WASHINGTON (NNS) -- Throughout National Cybersecurity Awareness Month this October, and in subsequent articles, the Office of the Deputy Chief of Naval Operations for Information Warfare (N2N6) will describe the things you can do, at home and at work, to protect yourself and the Navy from cyber threats.
Few people today need to be convinced that our networks, computers and smart phones are at risk of compromise. We've grown accustomed to the news of computer hacks.
The confidential information of 143 million Americans was potentially compromised in the recent Equifax breech. In May 2017, the WannaCry ransomware attack infected 150,000-plus computers in over 150 countries within the first 24 hours.
If you keep up with the news, you know of Russia's election-focused data thefts and disclosures. More distant high profile attacks, such as the 2015 Office of Personnel Management hack that resulted in the theft of 21.5 million personnel records, are memorable because they affected many of us in the Navy.
From these example hacks, you can safely assume anything connected to the internet is at risk.
In fact, any electronic device for storing and processing data - a computer - is at risk, regardless of whether it's connected to the internet or whether it looks like the desktop or laptop computers we use at home and at work.
Disconnected systems are also vulnerable as attackers have employed innovative tactics to reach systems not connected to the internet. For example, thumb drives loaded with damaging software were picked up by unsuspecting technicians and used to spread the Stuxnet virus to centrifuges in an underground Iranian nuclear research facility.
Although the compromise of Iran's nuclear facility was well publicized, less well known are other news reports that also demonstrate physical systems controlled by computers (control systems) are at risk.
In 2016, hackers who were thought to be from Russia compromised a Ukrainian power company, knocking out power to part of Kiev for over an hour. A 2015 breech of a Ukrainian energy company, which resulted in a power outage to 80,000 customers, may have been related to the 2016 attack. Closer to home, in 2016 "...the Justice Department claimed Iran had attacked U.S. infrastructure online, by infiltrating the computerized controls of a small dam 25 miles north of New York City."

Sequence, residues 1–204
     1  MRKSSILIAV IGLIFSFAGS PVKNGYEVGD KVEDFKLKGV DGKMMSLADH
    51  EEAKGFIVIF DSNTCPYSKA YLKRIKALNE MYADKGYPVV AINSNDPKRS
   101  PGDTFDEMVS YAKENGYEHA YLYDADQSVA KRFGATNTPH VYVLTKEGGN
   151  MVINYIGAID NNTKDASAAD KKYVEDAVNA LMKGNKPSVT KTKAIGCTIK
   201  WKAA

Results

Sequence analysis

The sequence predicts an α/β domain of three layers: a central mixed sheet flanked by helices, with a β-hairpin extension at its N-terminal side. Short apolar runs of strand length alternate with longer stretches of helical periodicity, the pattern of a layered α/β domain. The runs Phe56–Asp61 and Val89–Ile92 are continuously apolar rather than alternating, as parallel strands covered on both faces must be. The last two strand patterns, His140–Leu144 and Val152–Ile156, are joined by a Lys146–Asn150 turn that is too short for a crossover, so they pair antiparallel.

The control systems that manage the Navy's critical infrastructure and other services at Navy bases and facilities are commercial products that have known weaknesses. Like the Ukrainian control systems and the systems controlling the New York dam, Navy control systems and networks used by operational forces could also be at risk of compromise.
During June 2017, a commercial ship off the Russian coast discovered its GPS navigation system erroneously located the ship at an airport 32 kilometers inland. At least 20 other ships in the area had similar problems with their Automatic Identification System, which U.S. Navy ships also use. "Experts think this is the first documented use of GPS misdirection - a spoofing attack that has long been warned of but never seen in the wild."
Chief of Naval Operations (CNO) Admiral John Richardson sums up the current cyber threat environment, "The threats reach well beyond what you would consider a traditional computer or information technology network into the control systems and indeed almost every aspect of our lives and of our Navy mission."
These cyber threats can come from nations with highly sophisticated cyber programs, countries with lesser technical capabilities but possibly more disruptive intent, ideologically motivated hackers or extremists and/or insiders within our organizations, with a variety of motivations. Even cyber criminals threaten the Navy because they sell malicious software to state and non-state actors, thereby increasing the number of potential threat actors.
Vigilance and ensuring a robust defense-in-depth framework that incorporates people, processes and technology to assure our networks are safe is key.
The threat will continue to increase as adversaries look for potential vulnerabilities and increase their level of sophistication for cyber-attacks. In Congressional testimony, former Director of National Intelligence James Clapper described the threat saying, "Cyber threats to US national and economic security are increasing in frequency, scale, sophistication and severity of impact. The ranges of cyber threat actors, methods of attack, targeted systems and victims are also expanding."
But you can make a difference.
By adhering to cybersecurity policies, directives and best practices you can help keep the Navy secure and also protect yourself and your families while online, outside of work. It's an all hands effort, like damage control on a ship.
Knowing adversaries are actively seeking to penetrate our systems, steal our data and disrupt operations should help you understand the CNO's perspective: "Wherever you are, whatever system you're operating, every time you log in, you are in the cyber battlespace."
Be vigilant. Be safe.